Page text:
If a person's primary concern is increasing freedom, they should prepare for a reduction in average lifespan.  ---  Misanthropist

If you say "Gullible" real slow, it sounds like "Orange"

Online Vulcanbill

  • Contributor
  • Member
  • Location: it's a secret, WV
  • Posts: 3658
  • no thank you ... still
  • Motorcycles: XT250, Ninja 500R
Re: Car shopping and the CVT
« Reply #63 on: August 10, 2016, 11:38:38 AM »
Hello 100,000 miles

Goodbye warranty
If a person's primary concern is increasing freedom, they should prepare for a reduction in average lifespan.  ---  Misanthropist

If you say "Gullible" real slow, it sounds like "Orange"

Offline chornbe

  • Contributor
  • Member
  • Location: Wilmington, Delaware
  • Posts: 6976
    • The Pace Motorcycle Podcast
  • Motorcycles: Honda DN-01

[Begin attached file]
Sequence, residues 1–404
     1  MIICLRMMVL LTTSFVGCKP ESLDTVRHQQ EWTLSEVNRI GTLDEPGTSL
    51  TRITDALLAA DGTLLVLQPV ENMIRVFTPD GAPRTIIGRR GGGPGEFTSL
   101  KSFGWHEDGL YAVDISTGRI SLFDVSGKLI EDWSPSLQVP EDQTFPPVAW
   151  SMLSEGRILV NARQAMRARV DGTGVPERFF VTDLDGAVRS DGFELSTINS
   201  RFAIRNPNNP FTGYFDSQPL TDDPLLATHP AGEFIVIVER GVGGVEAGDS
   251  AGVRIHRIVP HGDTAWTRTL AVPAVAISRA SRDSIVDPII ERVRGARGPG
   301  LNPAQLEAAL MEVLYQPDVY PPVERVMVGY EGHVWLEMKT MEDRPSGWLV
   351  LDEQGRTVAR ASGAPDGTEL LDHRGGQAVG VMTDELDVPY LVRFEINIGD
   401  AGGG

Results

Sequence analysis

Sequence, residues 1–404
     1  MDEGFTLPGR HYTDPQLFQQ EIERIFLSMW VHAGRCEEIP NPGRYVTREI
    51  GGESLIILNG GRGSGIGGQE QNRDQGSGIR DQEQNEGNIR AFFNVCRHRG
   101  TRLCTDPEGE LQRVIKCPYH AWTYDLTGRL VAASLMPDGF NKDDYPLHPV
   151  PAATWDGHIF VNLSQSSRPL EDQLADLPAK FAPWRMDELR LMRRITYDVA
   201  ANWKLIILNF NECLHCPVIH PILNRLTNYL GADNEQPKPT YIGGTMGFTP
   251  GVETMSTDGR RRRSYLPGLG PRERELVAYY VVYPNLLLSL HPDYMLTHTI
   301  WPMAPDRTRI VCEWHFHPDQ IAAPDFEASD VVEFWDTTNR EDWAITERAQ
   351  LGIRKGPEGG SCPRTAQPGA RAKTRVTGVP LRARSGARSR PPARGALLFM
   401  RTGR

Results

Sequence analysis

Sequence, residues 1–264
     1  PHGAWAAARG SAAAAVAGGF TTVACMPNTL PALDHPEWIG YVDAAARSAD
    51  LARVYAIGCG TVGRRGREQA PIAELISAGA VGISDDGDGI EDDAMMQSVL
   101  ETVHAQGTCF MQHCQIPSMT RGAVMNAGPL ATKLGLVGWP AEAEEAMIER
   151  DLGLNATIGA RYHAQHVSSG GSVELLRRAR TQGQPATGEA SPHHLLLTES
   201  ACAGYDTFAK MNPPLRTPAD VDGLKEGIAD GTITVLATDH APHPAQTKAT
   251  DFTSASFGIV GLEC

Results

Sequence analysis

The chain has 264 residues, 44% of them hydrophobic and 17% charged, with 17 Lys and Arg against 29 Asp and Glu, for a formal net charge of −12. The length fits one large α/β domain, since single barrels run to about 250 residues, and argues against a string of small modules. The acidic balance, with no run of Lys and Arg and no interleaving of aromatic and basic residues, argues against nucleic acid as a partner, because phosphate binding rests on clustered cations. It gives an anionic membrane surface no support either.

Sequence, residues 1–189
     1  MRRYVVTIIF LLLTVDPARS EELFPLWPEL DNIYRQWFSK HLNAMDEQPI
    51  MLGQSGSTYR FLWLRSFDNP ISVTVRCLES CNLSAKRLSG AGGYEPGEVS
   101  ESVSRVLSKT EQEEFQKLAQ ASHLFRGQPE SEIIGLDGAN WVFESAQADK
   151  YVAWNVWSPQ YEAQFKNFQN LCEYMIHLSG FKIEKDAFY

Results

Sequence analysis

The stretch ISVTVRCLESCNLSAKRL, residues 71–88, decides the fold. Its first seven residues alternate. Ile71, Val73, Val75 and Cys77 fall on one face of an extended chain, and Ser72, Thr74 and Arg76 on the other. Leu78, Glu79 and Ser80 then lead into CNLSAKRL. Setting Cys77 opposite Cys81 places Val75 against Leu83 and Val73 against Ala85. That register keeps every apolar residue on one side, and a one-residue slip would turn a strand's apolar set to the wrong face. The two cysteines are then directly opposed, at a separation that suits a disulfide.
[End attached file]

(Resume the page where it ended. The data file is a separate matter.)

Re: Car shopping and the CVT
« Reply #64 on: August 10, 2016, 02:13:45 PM »
Hello 100,000 miles

Goodbye warranty

w00t ! / ? :)
this signature on hold pending review

Online Vulcanbill

  • Contributor
  • Member
  • Location: it's a secret, WV
  • Posts: 3658
  • no thank you ... still
  • Motorcycles: XT250, Ninja 500R
Re: Car shopping and the CVT
« Reply #65 on: August 09, 2017, 10:53:38 AM »
130K this morning. Changing over to the 9/80 schedule at work saved me quite a few miles I guess. 

Still going strong.  No issues.  Occasionally, the airbag light will come on and the sensor will indicate the passenger bag is off when someone is actually in the seat but it resets when you restart the car.  Apparently that's a fairly common Subaru thing.  Otherwise, nothing to report except an abundance of start / go / stop.  The AWD is priceless on my driveway.